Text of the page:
Pacific Southwest Region Viewing Area
Viewshed of Horse Mountain Botanical Area. Photo by Lisa Hoover.
Beargrass (Xerophyllum tenax). Photo by Sydney Carothers.
Horse Mountain Botanical Area
Forest: Six Rivers National Forest
District: Lower Trinity Ranger District
Description: Horse Mountain Botanical Area provides commanding views of the snow-capped Trinity Alps to the east and Pacific Ocean to the west. Sculpted old-growth Jeffrey pine, rock outcrops, and streams lush with western azalea characterize the serpentine habitats of this area. The Horse Mountain Botanical Area is approximately 1,100 acres in size. Elevation ranges from 3,900 to 4,800 feet.
Viewing Information: The Botanical Area is characteristic of coastal serpentine Jeffrey pine, western white pine, and Port-orford cedar communities. Incense cedar, Douglas fir, white fir, and red fir are other conifers associated with these primary communities. Common understory vegetation associated with the Jeffrey pine community includes California fescue (Festuca californica), spreading phlox (Phlox diffusa), Tolmie’s pussyears (Calochortus tolmiei), beargrass (Xerophyllum tenax), and hoary manzanita (Arctostaphylos canescens var. sonomensis).Western white pine dominated communities on reddish soils derived from peridotite parent materials (a type of serpentine rock) support a high shrub cover including California coffee (Rhamnus californica), western serviceberry (Amelanchier alnifolia), and red huckleberry (Vaccinium parviflorum). Port-Orford cedar communities are associated with stream and seep areas, and include western azalea (Rhododendron occidentale) and California pitcher plant (Darlingtonia californica).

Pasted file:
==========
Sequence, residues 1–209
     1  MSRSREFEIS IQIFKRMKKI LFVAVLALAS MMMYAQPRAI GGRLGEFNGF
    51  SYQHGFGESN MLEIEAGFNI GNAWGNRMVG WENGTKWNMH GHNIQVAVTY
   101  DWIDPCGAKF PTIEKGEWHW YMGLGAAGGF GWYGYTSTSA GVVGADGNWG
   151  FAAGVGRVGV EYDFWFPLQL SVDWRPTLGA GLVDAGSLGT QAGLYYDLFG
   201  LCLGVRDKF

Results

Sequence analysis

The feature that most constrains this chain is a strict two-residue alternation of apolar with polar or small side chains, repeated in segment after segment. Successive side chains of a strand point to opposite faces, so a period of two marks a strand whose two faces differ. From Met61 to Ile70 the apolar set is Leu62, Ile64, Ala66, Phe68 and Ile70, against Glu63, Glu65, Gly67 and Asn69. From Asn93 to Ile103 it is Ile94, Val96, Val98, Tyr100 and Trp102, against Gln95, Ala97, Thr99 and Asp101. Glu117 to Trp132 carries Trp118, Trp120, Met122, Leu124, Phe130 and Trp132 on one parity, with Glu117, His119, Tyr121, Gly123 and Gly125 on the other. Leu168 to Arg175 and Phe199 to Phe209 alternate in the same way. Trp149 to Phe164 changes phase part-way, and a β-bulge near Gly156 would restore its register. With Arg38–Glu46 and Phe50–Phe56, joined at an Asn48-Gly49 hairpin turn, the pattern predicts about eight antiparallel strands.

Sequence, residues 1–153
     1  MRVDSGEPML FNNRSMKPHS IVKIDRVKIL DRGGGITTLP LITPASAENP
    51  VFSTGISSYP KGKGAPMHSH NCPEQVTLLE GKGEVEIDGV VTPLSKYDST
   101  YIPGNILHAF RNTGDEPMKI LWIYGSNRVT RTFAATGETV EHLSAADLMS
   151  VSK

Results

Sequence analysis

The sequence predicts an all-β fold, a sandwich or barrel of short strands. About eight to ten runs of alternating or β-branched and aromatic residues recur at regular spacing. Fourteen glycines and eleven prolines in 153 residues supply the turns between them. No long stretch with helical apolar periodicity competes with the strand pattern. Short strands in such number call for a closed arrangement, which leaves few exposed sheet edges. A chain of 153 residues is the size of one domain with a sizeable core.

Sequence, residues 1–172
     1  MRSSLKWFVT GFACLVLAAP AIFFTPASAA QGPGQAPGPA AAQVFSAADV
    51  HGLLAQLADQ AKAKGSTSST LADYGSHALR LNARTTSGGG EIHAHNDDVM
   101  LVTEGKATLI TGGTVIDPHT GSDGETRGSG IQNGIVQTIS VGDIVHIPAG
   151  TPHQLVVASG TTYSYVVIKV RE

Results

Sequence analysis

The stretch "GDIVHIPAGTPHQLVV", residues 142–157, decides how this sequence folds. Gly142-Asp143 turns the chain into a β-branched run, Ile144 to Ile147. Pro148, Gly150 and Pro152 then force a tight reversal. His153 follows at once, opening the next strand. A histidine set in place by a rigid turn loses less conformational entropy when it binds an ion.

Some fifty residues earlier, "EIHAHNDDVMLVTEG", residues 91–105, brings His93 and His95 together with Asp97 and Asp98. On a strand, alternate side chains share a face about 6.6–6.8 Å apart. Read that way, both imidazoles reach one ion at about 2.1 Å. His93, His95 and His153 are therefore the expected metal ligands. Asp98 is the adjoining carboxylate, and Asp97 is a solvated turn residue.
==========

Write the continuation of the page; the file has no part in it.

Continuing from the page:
Horse Mountain was once a busy mining area. Vestiges of past mining are still evident in the form of mine tailings, the footprint of a processing facility, and scattered pits. The Horse Mountain peak is the location of a number of cellular or communication towers.
The Horse Mountain Botanical Area is accessible by County Route 1, a paved road, leading off Highway 299. Once on the Six Rivers National Forest, access to the Horse Mountain Botanical Area is by gravel Forest Service roads. There are no designated foot trails in the area or visitor facilities. Horse Mountain is best observed from the County or Forest Service roads. One road into the area is gated during the late fall and winter to prevent spread of Port-Orford cedar root disease into the uninfected creeks and drainages that are common in the area. For more information about the root disease and spread prevention measures, visit Six Rivers National Forest: Port-Orford cedar.
Safety First: The County Route1 (Titlow Hill Road) is a two-lane road with pullouts; however, the road is windy. Drive slowly, stay to the right side of the road at all times, and use pullouts. Roads into the Horse Mountain Botanical Area are gravel and sections are steep. Winter conditions include snow and ice. Above all be alert and drive defensively.
Directions: From the town of Arcata proceed north to Highway 299. Travel east and turn right onto Route 1 (Titlow Hill Road). The Horse Mountain Botanical Area is an approximate 10-minute drive. Contact the Lower Trinity Ranger District, Six Rivers National Forest for more access information.
Ownership and Management: U.S. Forest Service, Six Rivers National Forest, Lower Trinity Ranger District.
Closest Town: Arcata, California.